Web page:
“If I had not been successful in reducing the crime rate, we know what people would’ve said,” Ms. Demings said recently during a television appearance. “‘First woman chief, oh my God, she can’t handle that job.’”
But her tenure also was marked by repeated allegations of police brutality.
The first major case to come across her desk in 2007 involved an officer who pushed a woman down the stairs at a club where he worked as a security guard. The officer claimed the woman spit on him and drunkenly fell. Prosecutors charged her with felony battery on a police officer, and she lost her job. (They later dropped the charges, but she did not get her job back, her lawyer said.)
In a rare instance of imposing discipline on an officer, investigators concluded his version was not accurate and removed two of his vacation days. But Ms. Demings returned one of the vacation days, citing a technical mistake in the process.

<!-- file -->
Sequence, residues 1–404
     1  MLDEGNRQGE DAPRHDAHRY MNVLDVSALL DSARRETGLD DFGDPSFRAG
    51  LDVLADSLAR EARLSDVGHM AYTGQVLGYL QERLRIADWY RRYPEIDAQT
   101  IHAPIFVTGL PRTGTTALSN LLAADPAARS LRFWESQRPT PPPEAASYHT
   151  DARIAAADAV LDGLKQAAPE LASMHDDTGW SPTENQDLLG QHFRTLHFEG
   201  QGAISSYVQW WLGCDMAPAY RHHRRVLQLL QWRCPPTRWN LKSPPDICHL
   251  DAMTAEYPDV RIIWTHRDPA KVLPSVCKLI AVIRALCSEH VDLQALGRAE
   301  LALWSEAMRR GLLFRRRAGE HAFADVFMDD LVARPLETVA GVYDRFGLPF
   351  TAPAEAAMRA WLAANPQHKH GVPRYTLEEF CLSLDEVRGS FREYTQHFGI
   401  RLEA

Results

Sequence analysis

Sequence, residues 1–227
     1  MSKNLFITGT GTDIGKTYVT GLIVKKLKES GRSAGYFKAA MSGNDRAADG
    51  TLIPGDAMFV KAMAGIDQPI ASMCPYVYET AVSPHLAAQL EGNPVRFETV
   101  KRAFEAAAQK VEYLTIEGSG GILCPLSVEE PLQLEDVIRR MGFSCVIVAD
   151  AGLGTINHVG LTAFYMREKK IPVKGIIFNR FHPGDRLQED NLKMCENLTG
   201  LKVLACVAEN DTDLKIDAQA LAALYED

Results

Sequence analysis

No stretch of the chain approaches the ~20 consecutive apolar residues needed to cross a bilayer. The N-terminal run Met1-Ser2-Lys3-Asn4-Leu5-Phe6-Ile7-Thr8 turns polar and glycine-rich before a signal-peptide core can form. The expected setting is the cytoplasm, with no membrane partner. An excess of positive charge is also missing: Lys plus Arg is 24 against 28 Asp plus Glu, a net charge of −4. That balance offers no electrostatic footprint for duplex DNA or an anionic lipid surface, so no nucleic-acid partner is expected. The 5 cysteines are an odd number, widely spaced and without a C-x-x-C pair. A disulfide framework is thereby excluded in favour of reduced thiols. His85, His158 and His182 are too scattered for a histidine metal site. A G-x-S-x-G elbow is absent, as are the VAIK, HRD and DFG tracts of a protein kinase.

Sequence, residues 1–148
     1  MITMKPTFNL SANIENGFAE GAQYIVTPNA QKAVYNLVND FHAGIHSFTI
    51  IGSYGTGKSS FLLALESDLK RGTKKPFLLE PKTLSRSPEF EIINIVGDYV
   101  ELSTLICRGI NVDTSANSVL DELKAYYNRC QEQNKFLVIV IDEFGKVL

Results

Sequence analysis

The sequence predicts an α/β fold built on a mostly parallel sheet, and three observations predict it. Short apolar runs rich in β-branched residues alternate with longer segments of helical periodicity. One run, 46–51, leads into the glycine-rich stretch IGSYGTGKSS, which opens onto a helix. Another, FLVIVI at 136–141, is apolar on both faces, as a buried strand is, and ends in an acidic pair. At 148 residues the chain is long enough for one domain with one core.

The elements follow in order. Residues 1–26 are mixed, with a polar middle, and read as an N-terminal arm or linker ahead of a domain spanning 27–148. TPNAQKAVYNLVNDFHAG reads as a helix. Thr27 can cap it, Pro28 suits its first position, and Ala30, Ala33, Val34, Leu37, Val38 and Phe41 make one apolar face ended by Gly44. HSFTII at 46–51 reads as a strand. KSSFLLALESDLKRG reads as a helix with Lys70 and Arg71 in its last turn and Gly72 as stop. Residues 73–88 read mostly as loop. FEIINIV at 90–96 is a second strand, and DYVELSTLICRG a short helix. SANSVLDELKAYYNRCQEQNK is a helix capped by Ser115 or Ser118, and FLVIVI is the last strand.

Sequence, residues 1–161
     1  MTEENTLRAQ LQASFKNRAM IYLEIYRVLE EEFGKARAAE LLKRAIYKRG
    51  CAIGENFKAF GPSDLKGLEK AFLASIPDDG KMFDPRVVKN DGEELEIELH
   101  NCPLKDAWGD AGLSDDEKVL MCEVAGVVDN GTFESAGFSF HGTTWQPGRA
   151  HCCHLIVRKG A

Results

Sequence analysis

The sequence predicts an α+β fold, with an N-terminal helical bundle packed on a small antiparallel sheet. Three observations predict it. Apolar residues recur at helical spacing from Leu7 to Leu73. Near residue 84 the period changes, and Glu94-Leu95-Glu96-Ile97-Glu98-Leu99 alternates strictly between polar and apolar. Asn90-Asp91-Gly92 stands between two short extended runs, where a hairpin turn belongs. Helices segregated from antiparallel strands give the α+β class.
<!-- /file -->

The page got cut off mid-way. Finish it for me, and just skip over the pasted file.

Perhaps the most scrutinized case she faced occurred in 2010, when Officer Travis LaMont, then 26, encountered 84-year-old Daniel Daley arguing with a tow-truck driver outside of a bar.
Mr. Daley urged Mr. LaMont to help, and he later acknowledged tapping the officer’s arm several times. The officer told him to stop, and when he did not, he performed what is known as a “dynamic takedown,” leaning into Mr. Daley with his hip and throwing him to the ground.
Mr. Daley landed on his head and broke his neck.
Ms. Demings defended Mr. LaMont, saying, “The officer performed the technique within department guidelines,” although she said she would review the guidelines.
That decision set off a protest outside Police Headquarters; one demonstrator held a sign with a photo of the veteran wearing a neck brace. “Threat neutralized,” it said, according to The Sentinel.